“What sets this book apart is — this sounds so lame to say—is my voice,” Hollis told the AP. “I’m not an expert. I’m not a guru. Anything I’ve ever done, the work I’ve done, has always been like your girlfriend telling you what worked for her.” That’s what women are paying to hear, and the thinnest veneer of Jesus imaginable makes them think they’re reading something of eternal value. Both Alisa Childers and Laura Turner have written outstanding reviews pointing out the shortcomings of and the dangers inherent in Girl, Wash Your Face, so I won’t belabor the point by adding my two cents. However, one line from Childers’ review is relevant here.
“I’ll be honest,” she writes. “Reading this book exhausted me. It’s all about what I can be doing better and what I’m not doing good enough. How to be better at work, parenting, and writing. How to be less bad at cardio, sex, and you know, changing the world.”
So many flowery books about peace and balance. So many books about how we are enough and need to stop the crazy-making attempts at human perfection. And yet Hollis’ book—which encourages us to do more and try harder because, dadgummit, we’re the captains of our ships and the mistresses of our own destinies—is flying off the shelves. We’re consuming contrary messages, neither of which will ever soothe. Instead, we’re left anxious and troubled about many things, forgetting we can choose the good portion.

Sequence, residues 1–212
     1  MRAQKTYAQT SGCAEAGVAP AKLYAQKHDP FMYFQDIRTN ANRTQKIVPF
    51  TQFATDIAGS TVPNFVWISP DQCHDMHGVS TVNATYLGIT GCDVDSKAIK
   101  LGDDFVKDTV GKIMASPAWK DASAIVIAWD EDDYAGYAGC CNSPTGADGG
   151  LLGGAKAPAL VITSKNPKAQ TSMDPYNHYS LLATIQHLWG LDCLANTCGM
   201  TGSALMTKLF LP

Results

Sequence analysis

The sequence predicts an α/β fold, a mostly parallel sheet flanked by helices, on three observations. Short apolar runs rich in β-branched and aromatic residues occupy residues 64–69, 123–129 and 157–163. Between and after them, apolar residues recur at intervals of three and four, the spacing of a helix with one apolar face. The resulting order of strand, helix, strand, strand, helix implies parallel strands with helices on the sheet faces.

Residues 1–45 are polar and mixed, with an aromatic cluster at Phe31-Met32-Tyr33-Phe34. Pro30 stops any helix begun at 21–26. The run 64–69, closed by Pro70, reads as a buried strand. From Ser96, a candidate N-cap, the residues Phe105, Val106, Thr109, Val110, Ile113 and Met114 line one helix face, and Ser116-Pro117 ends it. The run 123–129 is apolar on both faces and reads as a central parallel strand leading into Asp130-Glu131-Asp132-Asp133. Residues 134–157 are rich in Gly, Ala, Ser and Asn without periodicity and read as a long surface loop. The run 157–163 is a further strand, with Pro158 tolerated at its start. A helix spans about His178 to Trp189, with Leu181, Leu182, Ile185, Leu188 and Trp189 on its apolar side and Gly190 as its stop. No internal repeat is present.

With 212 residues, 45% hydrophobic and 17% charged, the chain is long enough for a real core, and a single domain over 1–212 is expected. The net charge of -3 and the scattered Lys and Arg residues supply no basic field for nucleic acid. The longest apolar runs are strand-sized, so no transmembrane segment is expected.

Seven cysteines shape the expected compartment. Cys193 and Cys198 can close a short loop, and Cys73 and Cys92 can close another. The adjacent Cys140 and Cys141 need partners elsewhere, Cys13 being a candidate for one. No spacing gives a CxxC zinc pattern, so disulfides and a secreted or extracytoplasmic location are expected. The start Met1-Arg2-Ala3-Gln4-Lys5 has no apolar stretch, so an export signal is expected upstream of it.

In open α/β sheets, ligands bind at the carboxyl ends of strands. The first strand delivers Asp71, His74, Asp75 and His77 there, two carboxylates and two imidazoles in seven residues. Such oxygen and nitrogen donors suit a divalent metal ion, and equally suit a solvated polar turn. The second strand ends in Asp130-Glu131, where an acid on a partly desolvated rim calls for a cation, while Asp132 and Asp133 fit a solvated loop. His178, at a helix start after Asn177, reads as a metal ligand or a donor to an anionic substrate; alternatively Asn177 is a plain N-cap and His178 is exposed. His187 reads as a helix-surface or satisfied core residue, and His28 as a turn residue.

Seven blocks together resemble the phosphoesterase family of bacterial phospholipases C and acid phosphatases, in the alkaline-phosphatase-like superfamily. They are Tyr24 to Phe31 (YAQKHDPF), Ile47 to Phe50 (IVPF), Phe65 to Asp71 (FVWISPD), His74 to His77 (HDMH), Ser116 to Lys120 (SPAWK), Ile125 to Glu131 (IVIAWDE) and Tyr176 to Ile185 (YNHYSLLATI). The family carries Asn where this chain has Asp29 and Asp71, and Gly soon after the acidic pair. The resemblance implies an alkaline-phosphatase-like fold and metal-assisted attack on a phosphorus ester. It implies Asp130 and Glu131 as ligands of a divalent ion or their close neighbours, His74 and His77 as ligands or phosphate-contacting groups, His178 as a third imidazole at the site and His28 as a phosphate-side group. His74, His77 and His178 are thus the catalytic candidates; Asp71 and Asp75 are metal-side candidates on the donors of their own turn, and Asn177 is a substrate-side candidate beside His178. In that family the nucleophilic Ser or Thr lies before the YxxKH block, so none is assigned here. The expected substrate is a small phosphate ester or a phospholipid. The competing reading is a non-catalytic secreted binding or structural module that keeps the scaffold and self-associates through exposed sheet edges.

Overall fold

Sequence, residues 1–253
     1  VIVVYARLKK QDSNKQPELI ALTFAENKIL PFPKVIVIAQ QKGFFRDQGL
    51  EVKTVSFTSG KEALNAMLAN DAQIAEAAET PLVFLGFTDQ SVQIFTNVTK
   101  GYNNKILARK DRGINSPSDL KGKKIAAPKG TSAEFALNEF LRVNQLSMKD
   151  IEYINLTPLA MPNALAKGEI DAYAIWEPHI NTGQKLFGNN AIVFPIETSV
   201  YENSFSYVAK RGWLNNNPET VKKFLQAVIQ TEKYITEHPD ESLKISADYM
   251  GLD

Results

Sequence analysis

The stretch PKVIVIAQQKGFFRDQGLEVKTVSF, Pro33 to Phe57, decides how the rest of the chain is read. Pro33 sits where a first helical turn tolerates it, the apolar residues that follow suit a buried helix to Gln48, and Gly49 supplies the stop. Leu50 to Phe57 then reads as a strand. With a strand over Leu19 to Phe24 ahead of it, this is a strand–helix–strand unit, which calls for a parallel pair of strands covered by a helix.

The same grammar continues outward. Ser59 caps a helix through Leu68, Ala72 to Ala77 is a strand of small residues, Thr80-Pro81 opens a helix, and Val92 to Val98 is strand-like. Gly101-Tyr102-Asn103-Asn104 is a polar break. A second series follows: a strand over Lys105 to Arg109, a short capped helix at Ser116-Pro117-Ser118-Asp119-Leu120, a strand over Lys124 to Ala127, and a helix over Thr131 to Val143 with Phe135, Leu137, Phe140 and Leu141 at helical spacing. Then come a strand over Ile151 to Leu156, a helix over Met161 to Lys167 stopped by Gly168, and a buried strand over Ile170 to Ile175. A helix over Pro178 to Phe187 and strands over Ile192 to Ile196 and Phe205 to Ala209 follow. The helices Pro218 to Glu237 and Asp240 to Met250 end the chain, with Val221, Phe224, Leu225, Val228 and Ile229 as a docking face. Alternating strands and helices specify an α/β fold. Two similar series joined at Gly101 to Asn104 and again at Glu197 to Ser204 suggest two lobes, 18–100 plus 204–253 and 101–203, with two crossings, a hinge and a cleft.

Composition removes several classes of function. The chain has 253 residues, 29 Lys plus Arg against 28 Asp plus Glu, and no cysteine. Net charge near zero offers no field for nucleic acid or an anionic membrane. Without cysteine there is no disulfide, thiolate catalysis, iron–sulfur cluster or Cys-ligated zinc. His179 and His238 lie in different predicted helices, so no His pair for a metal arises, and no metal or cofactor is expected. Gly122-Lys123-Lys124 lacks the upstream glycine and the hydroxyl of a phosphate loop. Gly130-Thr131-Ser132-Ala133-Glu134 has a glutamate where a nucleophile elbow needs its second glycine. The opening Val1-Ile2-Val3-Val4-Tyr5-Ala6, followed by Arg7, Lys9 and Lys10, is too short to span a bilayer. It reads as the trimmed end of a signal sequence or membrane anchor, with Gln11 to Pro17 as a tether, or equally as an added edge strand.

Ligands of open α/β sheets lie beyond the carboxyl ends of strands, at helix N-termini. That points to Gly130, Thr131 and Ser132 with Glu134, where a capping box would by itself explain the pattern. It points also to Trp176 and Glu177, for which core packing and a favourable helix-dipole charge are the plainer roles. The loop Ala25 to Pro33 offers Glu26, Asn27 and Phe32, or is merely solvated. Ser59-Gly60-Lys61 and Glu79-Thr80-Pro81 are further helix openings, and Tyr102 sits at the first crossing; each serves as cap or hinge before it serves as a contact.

There are topics like cosmology, pneumatology, Christology, soteriology, and eschatology to study, and books about them aren’t in short supply. So why do we consistently settle for anything less? Why are we all so concerned with finding peace here on earth (and in ourselves) when Jesus clearly tells us, “Do not think that I have come to bring peace to the earth. I have not come to bring peace, but a sword….And whoever does not take his cross and follow me is not worthy of me. Whoever finds his life will lose it, and whoever loses his life for my sake will find it” (Matt. 10:34, 38-39)?
I firmly believe that women are capable of serious theological study. We are created in God’s image, gifted with minds to explore everything from hallelujah to the hypostatic union. It’s time to leave our Pinterest-perfect faith quests behind and start demanding more of Christian publishers…and ourselves.